Acid rain is a type of pollution caused by sulfur dioxide emissions, which largely emanate from coal-burning plants located in the Midwest and eastern states such as Ohio and Pennsylvania. One problem is that the pollutants are carried on the wind to other states and countries such as

Canada, where the precipitation falls and the damage is done to forests, crops, lakes, and ponds. The states with the plants may have little incentive to demand costly equip- ment be installed, since they are not suffering the harm. Another problem is that older power plants were not covered by the law unless they undergo major renovation, so that power companies have little reason to clean up existing plants or build newer, more efficient ones.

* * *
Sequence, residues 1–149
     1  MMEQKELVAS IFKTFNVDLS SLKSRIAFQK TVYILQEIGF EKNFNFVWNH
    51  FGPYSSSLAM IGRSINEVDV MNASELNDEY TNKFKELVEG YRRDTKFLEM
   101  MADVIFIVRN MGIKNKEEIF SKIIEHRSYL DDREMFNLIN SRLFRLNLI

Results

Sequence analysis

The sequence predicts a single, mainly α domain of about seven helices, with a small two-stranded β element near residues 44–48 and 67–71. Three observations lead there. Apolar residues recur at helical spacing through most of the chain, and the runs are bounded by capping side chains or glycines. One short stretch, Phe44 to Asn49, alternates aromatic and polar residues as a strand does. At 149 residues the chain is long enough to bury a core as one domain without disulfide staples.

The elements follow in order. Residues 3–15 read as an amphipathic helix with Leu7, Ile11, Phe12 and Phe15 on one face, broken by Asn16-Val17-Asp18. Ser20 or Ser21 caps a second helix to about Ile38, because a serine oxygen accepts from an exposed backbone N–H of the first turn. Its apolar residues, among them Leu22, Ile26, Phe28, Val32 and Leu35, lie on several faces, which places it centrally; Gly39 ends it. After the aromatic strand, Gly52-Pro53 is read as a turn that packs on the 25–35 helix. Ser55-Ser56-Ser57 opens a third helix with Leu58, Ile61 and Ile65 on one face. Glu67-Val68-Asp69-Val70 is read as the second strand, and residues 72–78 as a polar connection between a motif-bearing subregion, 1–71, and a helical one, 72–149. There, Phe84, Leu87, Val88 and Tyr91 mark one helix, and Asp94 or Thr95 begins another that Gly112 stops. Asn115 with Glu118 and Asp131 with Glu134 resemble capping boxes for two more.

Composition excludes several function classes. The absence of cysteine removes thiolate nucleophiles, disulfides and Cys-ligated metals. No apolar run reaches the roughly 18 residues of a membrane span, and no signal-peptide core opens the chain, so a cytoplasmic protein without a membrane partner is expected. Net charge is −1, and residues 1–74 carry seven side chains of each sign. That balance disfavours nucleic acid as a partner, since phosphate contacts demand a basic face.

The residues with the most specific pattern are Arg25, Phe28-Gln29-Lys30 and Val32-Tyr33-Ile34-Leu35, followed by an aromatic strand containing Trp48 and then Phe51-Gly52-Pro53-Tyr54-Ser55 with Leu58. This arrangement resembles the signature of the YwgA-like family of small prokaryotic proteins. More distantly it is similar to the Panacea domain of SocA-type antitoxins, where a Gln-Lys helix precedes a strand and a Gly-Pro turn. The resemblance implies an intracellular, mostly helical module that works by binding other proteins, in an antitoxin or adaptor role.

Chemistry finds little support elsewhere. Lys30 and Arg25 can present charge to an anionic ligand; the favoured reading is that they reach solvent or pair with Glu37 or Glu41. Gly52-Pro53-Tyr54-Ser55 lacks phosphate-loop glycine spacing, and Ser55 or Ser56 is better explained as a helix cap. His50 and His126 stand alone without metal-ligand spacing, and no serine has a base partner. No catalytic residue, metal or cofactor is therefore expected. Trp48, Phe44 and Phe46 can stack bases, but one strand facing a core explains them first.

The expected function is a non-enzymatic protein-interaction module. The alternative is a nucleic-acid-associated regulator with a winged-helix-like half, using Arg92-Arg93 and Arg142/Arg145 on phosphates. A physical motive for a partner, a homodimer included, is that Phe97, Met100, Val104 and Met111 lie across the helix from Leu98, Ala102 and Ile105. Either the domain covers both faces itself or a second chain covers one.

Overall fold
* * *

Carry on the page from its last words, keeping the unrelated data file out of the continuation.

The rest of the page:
Mobile sources of emissions (primarily cars) are regulated primarily through require- ments on auto manufacturers that call for reducing pollutants over time. For example, beginning with 2004 models, makers had to cut nitrogen oxide emissions by ten percent by 2007. Other regulations require cleaner burning gasoline, primarily in urban areas. As technology advances, the EPA updates regulations. For example, in 2012 the agency announced that it would phase out the requirement that service stations use vapor cap- ture mechanisms on gas pumps, since modern cars are designed to eliminate most of that vapor anyway.

The Clean Air Act put regulations in place to try to reduce carbon emissions and improve smog in urban areas like Los Angeles, California.

Purestock/Thinkstock

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CHAPTER 15Section 15.2 Environmental Law and Business